|Location||Idlib Governorate, Syria|
|Part of||Dead Cities|
|Founded||ca. 473 AD|
|Abandoned||Seventh century AD|
Serjilla (Arabic: سيرجيلة) is one of the best preserved of the Dead Cities in northwestern Syria, containing about 700 sites. It is located in the Jebel Riha, approximately 65 km north from Hama and 80 km southwest from Aleppo, very close to ruins of another "Dead City", Bara. The settlement arose in a natural basin and prospered from cultivating of grapes and olives. A bath complex indicates the wealth of the community. Unusually, it was built in 473, already during the time of Christianity.[further explanation needed] Thomas Joseph Shanan considered Serjilla as "Christian Pompeii".
Charles-Jean-Melchior de Vogüé, a French archaeologist, did the first scientific studies in 1860s. In 1899, an archaeological team from Princeton University discovered a large mosaic on the main hall floor, but it had disappeared when the team returned six years later. Traces of now destroyed murals were found on the walls as well.[further explanation needed] Next to the baths stands an andron, a meeting place for men. Further east, there was a small church but not much remains of it. Among ruins of numerous residential houses, a two storey villa which still stands today. In two lower rooms, one can still see an arch which supported the ceiling. This feature was typical in the Dead Cities. Behind the villa, there is a sunken building with an olive press. In Serjilla, limestone-mining was a very common and mature industry, even the empty space left by mining activities were useful, sometimes mining took place right under the buildings.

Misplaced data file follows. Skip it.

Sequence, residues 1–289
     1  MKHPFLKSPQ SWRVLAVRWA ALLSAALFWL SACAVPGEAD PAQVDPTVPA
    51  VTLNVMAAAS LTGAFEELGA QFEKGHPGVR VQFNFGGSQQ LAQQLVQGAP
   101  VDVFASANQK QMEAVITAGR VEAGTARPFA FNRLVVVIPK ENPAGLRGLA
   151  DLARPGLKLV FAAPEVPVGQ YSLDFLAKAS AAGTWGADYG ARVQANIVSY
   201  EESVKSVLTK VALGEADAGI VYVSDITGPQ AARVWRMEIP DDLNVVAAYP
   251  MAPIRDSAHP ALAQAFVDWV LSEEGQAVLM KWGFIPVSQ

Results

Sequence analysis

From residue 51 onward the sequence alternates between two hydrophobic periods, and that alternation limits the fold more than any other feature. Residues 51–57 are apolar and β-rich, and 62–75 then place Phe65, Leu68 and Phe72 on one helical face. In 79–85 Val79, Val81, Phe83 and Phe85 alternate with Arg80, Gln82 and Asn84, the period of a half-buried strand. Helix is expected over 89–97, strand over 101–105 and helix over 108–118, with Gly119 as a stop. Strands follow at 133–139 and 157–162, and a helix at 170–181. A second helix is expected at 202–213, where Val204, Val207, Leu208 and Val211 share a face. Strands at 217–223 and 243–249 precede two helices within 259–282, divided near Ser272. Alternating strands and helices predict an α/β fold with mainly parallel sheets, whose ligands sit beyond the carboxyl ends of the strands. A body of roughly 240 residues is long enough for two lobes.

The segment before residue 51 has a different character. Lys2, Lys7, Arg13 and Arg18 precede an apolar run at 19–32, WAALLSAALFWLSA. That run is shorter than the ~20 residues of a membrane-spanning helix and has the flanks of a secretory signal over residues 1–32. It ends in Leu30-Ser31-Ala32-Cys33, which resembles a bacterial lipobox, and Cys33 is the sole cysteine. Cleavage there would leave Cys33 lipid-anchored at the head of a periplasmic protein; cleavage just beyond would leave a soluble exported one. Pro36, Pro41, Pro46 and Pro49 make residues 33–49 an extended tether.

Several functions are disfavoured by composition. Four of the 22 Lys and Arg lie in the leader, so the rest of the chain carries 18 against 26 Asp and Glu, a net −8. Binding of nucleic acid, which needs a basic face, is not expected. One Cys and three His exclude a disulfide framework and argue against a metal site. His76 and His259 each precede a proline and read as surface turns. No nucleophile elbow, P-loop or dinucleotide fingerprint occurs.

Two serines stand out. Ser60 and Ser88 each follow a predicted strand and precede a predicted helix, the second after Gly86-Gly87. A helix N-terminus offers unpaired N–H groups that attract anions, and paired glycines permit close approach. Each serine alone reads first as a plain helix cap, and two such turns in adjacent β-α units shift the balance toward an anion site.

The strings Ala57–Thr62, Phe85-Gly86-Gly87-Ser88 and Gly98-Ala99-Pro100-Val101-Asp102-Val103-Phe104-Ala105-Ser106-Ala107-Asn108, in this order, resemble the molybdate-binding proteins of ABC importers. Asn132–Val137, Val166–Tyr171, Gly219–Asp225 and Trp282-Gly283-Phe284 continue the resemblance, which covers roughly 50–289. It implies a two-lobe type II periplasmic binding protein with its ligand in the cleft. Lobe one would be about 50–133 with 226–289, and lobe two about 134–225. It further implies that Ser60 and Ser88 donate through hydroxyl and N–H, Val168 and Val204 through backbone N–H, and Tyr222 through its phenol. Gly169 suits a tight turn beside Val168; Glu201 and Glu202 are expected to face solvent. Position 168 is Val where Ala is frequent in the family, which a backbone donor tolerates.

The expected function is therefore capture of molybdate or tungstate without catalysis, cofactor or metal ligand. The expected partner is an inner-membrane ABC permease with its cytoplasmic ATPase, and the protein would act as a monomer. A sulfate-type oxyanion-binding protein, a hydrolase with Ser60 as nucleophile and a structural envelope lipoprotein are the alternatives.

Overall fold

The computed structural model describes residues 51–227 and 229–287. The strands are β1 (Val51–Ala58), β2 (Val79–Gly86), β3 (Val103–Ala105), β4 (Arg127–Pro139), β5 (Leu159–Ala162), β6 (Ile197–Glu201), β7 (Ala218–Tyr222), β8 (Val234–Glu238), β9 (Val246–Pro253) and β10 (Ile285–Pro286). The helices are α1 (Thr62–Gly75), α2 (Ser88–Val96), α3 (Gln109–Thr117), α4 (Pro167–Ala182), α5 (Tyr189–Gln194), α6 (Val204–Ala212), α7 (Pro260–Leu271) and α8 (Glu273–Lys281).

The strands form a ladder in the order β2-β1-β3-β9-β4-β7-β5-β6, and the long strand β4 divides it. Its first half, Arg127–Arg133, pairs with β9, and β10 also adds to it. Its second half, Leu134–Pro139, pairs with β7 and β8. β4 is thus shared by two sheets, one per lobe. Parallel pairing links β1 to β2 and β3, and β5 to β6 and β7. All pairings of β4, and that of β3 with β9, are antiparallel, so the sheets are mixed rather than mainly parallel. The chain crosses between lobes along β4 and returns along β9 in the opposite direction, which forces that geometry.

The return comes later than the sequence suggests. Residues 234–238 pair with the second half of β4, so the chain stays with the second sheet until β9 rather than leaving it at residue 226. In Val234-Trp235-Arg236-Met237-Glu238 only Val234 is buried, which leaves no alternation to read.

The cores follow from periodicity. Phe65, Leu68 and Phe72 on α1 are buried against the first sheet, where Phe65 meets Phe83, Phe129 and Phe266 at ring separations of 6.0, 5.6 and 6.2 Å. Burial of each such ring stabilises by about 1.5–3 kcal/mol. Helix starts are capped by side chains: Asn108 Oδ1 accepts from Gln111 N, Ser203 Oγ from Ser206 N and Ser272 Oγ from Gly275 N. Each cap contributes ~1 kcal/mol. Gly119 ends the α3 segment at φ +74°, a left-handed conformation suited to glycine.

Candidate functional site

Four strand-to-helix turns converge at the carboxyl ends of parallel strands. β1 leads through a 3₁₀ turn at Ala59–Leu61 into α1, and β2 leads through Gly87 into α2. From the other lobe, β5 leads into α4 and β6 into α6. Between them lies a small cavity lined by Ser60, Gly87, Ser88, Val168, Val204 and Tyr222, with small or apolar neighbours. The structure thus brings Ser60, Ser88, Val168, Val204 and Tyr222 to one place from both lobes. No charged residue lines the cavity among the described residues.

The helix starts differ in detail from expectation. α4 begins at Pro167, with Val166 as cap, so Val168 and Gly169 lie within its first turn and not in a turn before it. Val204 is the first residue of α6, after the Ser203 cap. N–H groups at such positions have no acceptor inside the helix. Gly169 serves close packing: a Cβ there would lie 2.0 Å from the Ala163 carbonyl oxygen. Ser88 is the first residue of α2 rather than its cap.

In 2010, because of the Syrian civil war, UNESCO put Serjilla on the list World Heritage in Danger.
|Wikimedia Commons has media related to Serjilla.|
- Simeon Citadel and Dead Cities, Suggestion to have Serjilla recognized as a UNESCO world heritage site, in 2006, as part of "Simeon Citadel and Dead Cities"-project.
- Syria Gate